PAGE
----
Physician practices are confronting new operational and business challenges as a result of the COVID-19 pandemic. There is a mounting financial and administrative toll this pandemic has placed on practices, forcing all to adapt in a variety of areas. Much of the conversation around COVID-19 has appropriately focused on addressing the pandemic and treatment of COVID-19 patients, however, we are also keenly aware of the other impacts on practices.
It felt as if the Medical Group Management Association (MGMA) Annual Conference, which we have attended for years, was smaller this year. The hall was down 10 percent, and the foot traffic was slower. Regardless, we left with plenty of insights into the state of the industry. Here are some of the highlights of what we learned:
The Merit-based Incentive Payment System (MIPS) can be rewarding for those who optimize their scores, and devastating for those who fall behind. 2019 is no longer considered a transition year, which means that the program is doing away with much of the leniency that made reporting easier in the past. The financial risk is now as high as 7%, while the performance threshold has increased to 30 points.
As the stakes continue to rise, it’s more important now than ever before that organizations strategize about their MIPS reporting process for 2019 and beyond. And in the course of that effort, one major decision they will need to weigh carefully is whether to report as individuals (at the NPI level) or as a group (at the TIN level).
Since 2017, the Centers for Medicaid and Medicare Services (CMS) Merit-Based Incentive Payment System (MIPS) has provided eligible clinicians a score of zero -100 annually based on the clinician’s efforts and data collection in four program categories: Quality, Improvement Activities, Promoting Interoperability, and Cost. A clinician’s final score for each year’s MIPS performance ultimately dictates a payment adjustment that is applied to his or her Medicare Part B reimbursement rate two years later. In practical terms, this means that a clinician’s 2017 performance impacts all of his or her Medicare claims that are filed in the 2019 calendar year.
In last week’s blog I laid out the case for opting into MIPS, an option that allows clinicians and groups to still receive a MIPS payment adjustment if they exceed 1 or 2, but not all, elements of the low-volume threshold. Although this option can be beneficial for a wide range of clinician types depending on their situation, today I want to focus on psychologists in particular. Because in my experience, they provide some of the most striking examples of this “MIPS hack” in action.
Beginning in 2019, otherwise-eligible clinicians, groups, and APM entities can elect to opt-in to MIPS if they exceed 1 or 2, but not all, elements of the low-volume threshold. That means that for the first time, these previously ineligible clinicians have the opportunity to participate in the QPP and earn a payment adjustment.
Now maybe you haven’t had the time to pay close attention to policy minutiae, and this is the first you’re hearing of the opt-in option. Or maybe you’ve heard of it, but haven’t looked seriously at what it could mean for you or your organization. After all, on the surface it just sounds like work that isn’t required--and could it really make enough of a difference to your bottom line to be worth it?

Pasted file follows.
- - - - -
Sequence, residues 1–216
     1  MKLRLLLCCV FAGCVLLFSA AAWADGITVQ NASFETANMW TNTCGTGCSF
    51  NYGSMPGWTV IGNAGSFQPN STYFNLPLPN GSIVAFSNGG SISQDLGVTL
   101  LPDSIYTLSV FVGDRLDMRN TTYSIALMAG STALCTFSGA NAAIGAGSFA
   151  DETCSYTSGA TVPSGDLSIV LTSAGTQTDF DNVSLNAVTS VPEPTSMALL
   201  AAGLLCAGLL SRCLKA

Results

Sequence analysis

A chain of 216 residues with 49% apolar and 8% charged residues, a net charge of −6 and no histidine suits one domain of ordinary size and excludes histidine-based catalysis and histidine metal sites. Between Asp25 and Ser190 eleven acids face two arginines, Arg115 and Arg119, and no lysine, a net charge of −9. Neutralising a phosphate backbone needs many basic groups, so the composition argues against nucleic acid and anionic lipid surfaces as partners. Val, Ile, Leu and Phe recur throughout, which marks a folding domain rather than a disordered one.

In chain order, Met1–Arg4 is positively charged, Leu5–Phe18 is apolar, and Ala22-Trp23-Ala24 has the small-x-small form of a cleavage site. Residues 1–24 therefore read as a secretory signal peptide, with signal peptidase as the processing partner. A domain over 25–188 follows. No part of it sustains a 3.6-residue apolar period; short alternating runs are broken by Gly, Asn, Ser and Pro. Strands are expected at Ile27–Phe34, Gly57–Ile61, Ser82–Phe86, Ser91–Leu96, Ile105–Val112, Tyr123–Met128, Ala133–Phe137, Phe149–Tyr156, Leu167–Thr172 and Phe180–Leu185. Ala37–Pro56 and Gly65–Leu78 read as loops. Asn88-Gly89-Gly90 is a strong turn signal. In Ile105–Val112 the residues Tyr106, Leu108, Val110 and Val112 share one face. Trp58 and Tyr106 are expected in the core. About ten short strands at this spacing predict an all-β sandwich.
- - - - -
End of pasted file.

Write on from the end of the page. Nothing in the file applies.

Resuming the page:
Well, we highly recommend you do the math to find out. Because depending on your situation, you might be very, very glad you did.
I speak with many organizations who are planning to report MIPS individually, only for their eligible providers. What they fail to realize is that they can achieve significant additional revenue by reporting as a group for all providers in their practices, even those that are deemed ineligible. In these cases I like to do a simple cost comparison to show what organizations are missing out on, and while each case is unique, the results are often striking.
If your organization invested significant money and time into achieving a high MIPS score in 2017, the final incentive payment you received may have felt… well, disappointing. As easy as it may be to recognize the ideological importance of shifting from fee-for-service to value-based care, many clinicians and organizations feel unable to practically justify such an investment in the absence of a meaningful financial incentive.
But there’s good news: incentives will continue to rise in coming years, and those achieving the highest scores will soon find their efforts rewarded on a much larger scale. Here’s why.
The new proposed rule for 2019 features a lot of changes to the Quality Payment Program, but CMS has also announced changes impacting Medicare reimbursement in general. One big change proposed would affect how much money a clinician receives for billing office or outpatient Evaluation and Management (E&M) visits for new and existing patients.
Hospital executives have to make tough decisions during the shift to value based care, especially when it comes to software. What systems are worth investing in, and how can you ensure your hospital is getting the most out of its money? In MIPS reporting, for example, it can feel like an impossible task to weigh the pros and cons of reporting via EHR or working with a registry.